50 Fabulous Facts About Our History

Perhaps it’s the fault of busy commutes and crammed schedules, but few Westchesterites stop to acknowledge the extraordinary beauty and rich history of this ancient river valley we call home. The centuries-old landmarks, the ever-changing geography, the myriad inventions conceived in our county all make Westchester as fascinatingly unique and interesting as the very people who live here.


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Photo courtesy of Croton Historical Society

It’s estimated that, at one point, more than 10,000 Italian, Irish, and Eastern European laborers were working on the construction of the Croton Dam.



In 1915, Westchester’s female teachers were forbidden from loitering in ice cream stores, coloring their hair, and wearing dresses shorter than two inches above the ankle. Times they have a-changed.

The Native American name for White Plains was Quarropas, meaning “white marshes.” Historians believe the title may reference the heavy mist that settled over the swampland of the Bronx River or the groves of white balsam that possibly populated the region centuries ago.



4. The Original Plastic
Next time you turn on the radio, pick up a billiard ball, snap a photo, or use just about anything, know that Yonkers chemist Leo Baekeland probably had something to do with its creation. Baekeland invented one of the world’s first and most useful plastic in 1907 and, in 1910, formed what would become The Bakelite Corporation, the company responsible for those glossy, hard, often brightly colored plastics that defined the ’50s and ’60s (think of transistor radios and alarm clocks of the era). He spent most of his life in our county and, upon his death, was buried in Sleepy Hollow Cemetery in 1944.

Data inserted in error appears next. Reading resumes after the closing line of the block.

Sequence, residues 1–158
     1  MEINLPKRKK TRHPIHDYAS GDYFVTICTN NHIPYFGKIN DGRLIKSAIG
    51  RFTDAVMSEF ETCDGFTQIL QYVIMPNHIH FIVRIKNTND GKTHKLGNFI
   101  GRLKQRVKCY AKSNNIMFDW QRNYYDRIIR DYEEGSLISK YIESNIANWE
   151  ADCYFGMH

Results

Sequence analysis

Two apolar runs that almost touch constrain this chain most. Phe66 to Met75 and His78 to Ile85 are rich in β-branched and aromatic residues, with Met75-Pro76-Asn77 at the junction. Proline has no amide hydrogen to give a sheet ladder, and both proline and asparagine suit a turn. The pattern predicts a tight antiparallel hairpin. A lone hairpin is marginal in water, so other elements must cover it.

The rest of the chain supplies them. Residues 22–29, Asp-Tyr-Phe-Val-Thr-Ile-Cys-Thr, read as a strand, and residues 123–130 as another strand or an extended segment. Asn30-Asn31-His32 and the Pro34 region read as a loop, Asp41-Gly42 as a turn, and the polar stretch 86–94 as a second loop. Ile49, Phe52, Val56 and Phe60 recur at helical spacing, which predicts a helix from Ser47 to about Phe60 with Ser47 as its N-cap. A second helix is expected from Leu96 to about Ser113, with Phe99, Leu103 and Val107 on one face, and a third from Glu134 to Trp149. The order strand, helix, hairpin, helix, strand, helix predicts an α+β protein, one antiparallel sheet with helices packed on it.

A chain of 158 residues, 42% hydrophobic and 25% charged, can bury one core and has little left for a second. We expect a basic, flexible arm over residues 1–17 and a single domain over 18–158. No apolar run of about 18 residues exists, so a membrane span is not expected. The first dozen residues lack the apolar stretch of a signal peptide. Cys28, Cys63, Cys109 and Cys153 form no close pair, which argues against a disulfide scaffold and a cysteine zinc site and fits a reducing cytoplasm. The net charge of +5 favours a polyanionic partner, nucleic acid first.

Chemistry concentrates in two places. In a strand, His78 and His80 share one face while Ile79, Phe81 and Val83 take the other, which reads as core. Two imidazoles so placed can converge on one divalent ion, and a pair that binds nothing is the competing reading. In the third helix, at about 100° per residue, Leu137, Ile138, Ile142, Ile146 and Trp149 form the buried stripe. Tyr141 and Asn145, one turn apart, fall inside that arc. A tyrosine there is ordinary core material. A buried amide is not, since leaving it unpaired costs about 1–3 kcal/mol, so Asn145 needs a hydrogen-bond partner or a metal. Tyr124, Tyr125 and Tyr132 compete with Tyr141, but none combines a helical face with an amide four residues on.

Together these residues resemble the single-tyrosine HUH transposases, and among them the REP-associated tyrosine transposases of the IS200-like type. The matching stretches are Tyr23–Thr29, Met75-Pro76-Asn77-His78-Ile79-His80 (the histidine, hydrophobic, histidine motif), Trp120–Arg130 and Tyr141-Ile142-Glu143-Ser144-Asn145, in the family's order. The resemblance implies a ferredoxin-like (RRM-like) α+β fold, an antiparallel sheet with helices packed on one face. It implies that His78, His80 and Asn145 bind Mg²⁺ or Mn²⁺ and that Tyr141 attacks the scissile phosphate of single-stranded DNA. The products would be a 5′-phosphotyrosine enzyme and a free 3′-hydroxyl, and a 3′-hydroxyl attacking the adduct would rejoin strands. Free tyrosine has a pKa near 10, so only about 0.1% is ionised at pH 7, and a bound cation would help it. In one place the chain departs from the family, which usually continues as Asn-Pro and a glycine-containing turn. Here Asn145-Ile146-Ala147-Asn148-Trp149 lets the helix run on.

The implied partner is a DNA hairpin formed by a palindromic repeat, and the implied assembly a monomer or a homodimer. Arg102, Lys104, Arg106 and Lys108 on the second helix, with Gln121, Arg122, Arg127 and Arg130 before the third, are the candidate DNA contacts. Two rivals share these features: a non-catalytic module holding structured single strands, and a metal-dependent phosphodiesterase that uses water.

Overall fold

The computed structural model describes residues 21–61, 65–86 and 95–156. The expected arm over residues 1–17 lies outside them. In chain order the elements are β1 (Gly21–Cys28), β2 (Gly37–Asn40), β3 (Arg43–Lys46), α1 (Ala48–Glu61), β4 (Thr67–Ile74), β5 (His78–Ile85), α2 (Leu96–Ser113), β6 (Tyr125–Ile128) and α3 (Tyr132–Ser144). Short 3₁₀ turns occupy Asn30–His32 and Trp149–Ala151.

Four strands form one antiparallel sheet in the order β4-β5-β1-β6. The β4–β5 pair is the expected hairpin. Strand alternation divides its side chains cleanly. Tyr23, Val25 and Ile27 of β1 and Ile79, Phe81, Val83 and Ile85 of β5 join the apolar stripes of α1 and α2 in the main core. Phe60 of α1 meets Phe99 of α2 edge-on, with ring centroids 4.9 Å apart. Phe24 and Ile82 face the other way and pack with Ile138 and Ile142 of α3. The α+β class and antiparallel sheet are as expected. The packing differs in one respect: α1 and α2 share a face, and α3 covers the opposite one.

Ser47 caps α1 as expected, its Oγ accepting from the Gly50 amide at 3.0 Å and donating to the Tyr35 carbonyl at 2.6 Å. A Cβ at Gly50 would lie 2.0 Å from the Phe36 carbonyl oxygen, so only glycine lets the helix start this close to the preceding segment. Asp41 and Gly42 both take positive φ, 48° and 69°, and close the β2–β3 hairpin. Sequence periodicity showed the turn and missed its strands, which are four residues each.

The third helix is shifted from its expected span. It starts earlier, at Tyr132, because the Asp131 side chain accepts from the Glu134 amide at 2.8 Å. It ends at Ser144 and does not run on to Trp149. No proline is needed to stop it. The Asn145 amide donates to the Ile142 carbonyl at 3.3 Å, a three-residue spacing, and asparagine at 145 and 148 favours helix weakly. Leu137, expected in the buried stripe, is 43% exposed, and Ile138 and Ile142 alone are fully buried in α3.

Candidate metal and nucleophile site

Back in the 19th century, the trustees of one Tarrytown cemetery debated what to call their local graveyard. One trustee named Washington Irving offered the name “Sleepy Hollow,” arguing that the local cemetery was “enough of itself to secure the patronage of all desirous of sleeping quietly in their graves.” The cemetery, the church, and, later, the town, all took the name.



$134.20 was the average annual salary of a Westchester schoolteacher in 1852, or the equivalent of $3,432.18 today.

1902 croton dam photo courtesy of croton historical society


In the 19th century, the famously nomadic “Leatherman” wandered from cave to cave in Westchester wearing only a makeshift outfit of leather pieces. Walking 10 miles each day for more than three decades, he stopped at his favorite houses to ask for food by raising just a finger to his mouth. His anonymity and penchant for never uttering a word made the vagabond a local legend, and the New York Herald Tribune even ran a front-page article titled “Who is the Leatherman?” When the Leatherman died of lip cancer in 1889, local authorities learned his real name was Jules Bourglay and that he had emigrated from Lyons, France, after sending his father-in-law’s merchant business into bankruptcy. In shame, Bourglay fled to the New World and swore to never again burden mankind. The Leatherman’s 360-mile circuit includes now well-known neighborhoods such as Honey Hollow and Bull Hill and even inspired Grammy-winning rock band Pearl Jam to pen a song titled “Leatherman.”




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